What voltage are your motors?
Using step-up converters is a significant waste of power, especially in a portable, battery operated device. NOT RECOMMENDED.
I don't see any reason all the grounds should not be tied together, permanently.
Why one battery for the motor and the other for the Arduino? The Arduino will draw a tiny fraction of what the motors use. One battery will be exercised regularly while the other (identical?) battery will barely idle along without breaking a sweat. Not a very good use of expensive batteries.
The grounds are all tied together right now.
The Arduino + sensors + camera + servos + xbee or wifi draw a lot and take away from the motors, in otherwards I am at a point that with 1 battery it can't move. If you read the thread about the batteries you will see we decided to go with 2 batteries.
3.7v isn't enough for the Arduino. I need more then 5v. The step-ups worked well on my first tank robot. I need high capacity batteries.
I am using 2 Lithium-Ion 6Ah from Sparkfun.com
The motors are hobby 3v+. I could connect them in series, right now they are parallel. But from what I read it can cause some problems if 1 motor becomes under heavy load.
It would be nice if the motor controller had a separate connection for motor power. The other one I have from adafruit is that way. Its on the other tank robot, that unfortunately have had to borrow parts from. I could use the motor shield, but there isn't enough room and some of the pins overlap with the voice shield.
the TX>RX to motor controller is causing power across it.
the motor controller only dims a little, doesn't turn off unless I remove the TX wire.
That sounds pretty bizarre. Perhaps you need to explain what you mean by "causing power across it"? Something seems significantly wrong with your circuit to cause this kind of behavior.
Yeah I am not sure what is going on here. If I turn off the motor controller the Power LED on the motor controller is still lit dimly and the step-up has some power out.
I was trying to switch the ground with the TIP120
If you already have a motor controller handling the heavy current switching, it is still not clear why you think you need ANOTHER power switch??
Because the motor controller has its own power and I need to turn that off when the robot is off, otherwise it is always on.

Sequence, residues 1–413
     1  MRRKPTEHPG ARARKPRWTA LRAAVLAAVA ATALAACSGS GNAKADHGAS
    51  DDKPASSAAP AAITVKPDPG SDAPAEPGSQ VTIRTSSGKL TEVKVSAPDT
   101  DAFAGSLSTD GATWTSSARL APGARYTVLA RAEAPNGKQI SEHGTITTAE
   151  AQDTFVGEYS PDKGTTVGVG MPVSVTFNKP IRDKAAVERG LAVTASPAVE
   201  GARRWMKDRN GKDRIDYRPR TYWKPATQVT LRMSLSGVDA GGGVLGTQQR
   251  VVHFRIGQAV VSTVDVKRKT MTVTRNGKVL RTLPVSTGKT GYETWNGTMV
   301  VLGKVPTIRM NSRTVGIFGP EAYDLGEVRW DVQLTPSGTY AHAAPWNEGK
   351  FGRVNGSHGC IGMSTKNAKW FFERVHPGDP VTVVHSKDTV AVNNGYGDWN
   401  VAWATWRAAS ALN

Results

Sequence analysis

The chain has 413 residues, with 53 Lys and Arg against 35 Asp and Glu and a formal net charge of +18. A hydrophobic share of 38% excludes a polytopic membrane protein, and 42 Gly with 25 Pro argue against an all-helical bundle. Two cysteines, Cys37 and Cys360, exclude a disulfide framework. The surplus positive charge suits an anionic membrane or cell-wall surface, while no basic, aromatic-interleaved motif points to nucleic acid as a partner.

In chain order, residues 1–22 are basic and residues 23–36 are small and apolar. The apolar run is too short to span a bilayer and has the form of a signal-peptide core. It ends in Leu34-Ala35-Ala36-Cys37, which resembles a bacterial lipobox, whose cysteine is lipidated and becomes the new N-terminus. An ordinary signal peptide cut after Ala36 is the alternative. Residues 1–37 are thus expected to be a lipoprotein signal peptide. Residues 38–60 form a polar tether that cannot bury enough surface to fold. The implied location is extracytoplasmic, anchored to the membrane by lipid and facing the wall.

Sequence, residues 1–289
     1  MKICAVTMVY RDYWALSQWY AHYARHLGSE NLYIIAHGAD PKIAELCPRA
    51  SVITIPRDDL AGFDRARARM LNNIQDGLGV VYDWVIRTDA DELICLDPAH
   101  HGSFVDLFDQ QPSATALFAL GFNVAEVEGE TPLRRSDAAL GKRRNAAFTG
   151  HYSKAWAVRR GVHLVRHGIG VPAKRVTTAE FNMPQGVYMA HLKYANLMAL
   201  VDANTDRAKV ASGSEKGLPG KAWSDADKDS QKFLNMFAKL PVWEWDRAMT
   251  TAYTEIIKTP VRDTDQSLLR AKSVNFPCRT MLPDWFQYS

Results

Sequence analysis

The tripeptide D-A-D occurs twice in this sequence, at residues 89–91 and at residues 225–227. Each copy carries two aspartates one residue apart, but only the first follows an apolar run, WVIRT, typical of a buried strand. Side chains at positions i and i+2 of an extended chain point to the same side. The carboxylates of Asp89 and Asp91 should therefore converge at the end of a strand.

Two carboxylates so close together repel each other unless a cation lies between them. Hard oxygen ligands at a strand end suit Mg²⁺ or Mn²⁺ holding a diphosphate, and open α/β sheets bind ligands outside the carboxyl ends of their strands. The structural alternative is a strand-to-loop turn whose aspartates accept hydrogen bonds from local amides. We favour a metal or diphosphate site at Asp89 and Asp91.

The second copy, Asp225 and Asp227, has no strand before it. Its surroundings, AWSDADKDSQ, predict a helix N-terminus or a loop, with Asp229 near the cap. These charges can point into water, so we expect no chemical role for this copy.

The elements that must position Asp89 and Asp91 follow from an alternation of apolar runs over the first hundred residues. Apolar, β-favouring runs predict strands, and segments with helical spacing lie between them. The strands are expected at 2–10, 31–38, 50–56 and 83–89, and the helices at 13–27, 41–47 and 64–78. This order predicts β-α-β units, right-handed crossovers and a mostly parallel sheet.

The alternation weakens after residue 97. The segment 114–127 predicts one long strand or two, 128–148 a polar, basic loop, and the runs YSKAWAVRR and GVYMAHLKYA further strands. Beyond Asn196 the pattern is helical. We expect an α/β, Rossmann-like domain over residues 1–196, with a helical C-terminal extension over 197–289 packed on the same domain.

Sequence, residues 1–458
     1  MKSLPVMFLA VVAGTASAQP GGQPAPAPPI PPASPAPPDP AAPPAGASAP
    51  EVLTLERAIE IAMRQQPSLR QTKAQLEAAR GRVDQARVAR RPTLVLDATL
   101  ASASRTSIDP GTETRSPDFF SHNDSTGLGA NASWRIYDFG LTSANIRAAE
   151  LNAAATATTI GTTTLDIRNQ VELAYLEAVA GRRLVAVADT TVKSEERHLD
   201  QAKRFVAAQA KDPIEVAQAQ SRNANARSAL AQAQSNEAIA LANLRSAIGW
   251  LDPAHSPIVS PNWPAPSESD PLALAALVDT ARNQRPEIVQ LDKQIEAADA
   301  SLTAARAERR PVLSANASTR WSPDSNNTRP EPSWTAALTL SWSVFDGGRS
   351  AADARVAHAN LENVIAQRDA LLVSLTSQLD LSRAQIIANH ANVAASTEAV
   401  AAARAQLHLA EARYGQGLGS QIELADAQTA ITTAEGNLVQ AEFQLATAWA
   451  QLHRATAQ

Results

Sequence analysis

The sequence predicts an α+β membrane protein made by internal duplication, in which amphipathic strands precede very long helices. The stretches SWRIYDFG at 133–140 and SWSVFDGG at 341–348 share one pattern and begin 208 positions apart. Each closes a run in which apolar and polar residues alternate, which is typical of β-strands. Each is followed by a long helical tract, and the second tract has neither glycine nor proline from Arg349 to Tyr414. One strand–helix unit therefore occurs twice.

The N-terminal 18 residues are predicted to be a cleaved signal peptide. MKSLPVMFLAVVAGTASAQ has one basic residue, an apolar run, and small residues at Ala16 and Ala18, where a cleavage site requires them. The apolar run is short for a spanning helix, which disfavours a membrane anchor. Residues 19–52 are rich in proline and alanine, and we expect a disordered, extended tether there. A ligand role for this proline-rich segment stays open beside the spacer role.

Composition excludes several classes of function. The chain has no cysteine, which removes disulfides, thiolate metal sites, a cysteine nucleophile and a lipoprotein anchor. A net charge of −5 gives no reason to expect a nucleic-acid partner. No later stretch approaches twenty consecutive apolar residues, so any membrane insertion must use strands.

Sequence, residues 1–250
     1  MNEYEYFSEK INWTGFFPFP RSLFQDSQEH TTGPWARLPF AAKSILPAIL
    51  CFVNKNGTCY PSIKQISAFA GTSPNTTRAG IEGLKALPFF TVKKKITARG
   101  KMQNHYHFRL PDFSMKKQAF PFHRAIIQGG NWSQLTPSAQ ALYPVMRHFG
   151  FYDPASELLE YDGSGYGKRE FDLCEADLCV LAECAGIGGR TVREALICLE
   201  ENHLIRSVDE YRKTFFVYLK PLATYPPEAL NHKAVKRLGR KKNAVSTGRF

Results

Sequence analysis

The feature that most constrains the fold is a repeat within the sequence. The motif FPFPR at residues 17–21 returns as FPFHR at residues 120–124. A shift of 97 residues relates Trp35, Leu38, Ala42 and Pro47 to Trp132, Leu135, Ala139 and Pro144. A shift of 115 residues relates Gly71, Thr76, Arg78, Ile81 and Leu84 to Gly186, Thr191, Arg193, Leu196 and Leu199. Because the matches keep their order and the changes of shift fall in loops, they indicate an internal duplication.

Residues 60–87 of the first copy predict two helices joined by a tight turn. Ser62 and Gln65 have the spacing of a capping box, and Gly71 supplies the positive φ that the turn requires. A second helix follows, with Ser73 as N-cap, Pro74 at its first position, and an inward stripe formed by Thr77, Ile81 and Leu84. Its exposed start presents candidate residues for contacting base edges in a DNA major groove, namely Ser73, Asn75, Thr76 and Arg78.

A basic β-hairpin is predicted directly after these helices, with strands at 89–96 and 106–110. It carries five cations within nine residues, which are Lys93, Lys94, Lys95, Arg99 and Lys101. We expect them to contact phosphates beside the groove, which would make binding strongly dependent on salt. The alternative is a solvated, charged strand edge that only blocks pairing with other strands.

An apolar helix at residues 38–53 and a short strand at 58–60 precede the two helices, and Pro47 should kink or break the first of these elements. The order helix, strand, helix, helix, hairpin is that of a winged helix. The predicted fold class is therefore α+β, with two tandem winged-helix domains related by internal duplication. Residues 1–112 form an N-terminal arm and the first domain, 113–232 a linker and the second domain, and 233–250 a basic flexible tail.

I am using this motor controller: http://www.sparkfun.com/products/9571
It did work today, last night the NPN was getting too got to touch. Except tonight I didn't try running the motors.
I would think the PNP would get hot, I guess not.
What NPN was getting too hot? What PNP? I don't see those in your diagram anywhere? Transistors getting too hot, especially if you aren't feeding any significant loads (like motors), is a symptom of something very wrong with your power scheme.
The transistors I am using as a switch, see other post.
I would use the batteries in SERIES to create the 7V without using those power-wasting step-up converters. It would also equalize the load on the batteries and give them a more normal life expectancy. If you must charge them individually (vs a 7V charger), then use a switch or relay to convert between series connection (for operation ) to isolated access (for charging). Coincidentally, that same switch or relay would provide your safety cutoff functionality.
The chargers can't charge 2 cells only one. I haven't found one otherwise, and they wouldn't be a match set. See link to post about needing 2 batteries above. I need to be able to charge while the robot is powered. It will dock to charge and needs to still receive commands and such.
If you are using only one control output to the motor controller, it is not clear why a Mega2560 is used? Note that there are Arduino boards that are designed to run on 3.3V, so again, no step-up converter is needed and you will save much of the power stored in the battery.
Edit: A comprehensive power plan will also include planning on how things will work as the battery terminal voltage (and power) droop from exhaustion.
Because I left off all the stuff I haven't connected as it isn't part of this problem. I have lots of sensors and stuff. If you look at the diagram they are labeled there on the mega box. Figure 'H'.
Right now I am using a Xbee but the final design uses WiFi which draws a lot. As well as the camera/servos.
I hope this clears things up. This is my first large electronics project and hope to learn all this and get it running so I can play with code.
Thanks for all the input and help. I feel I am close to having a running robot. I do wish I could conserve power more as the idea is be able to run for days, hence the charging dock and possible supplemental power from solar.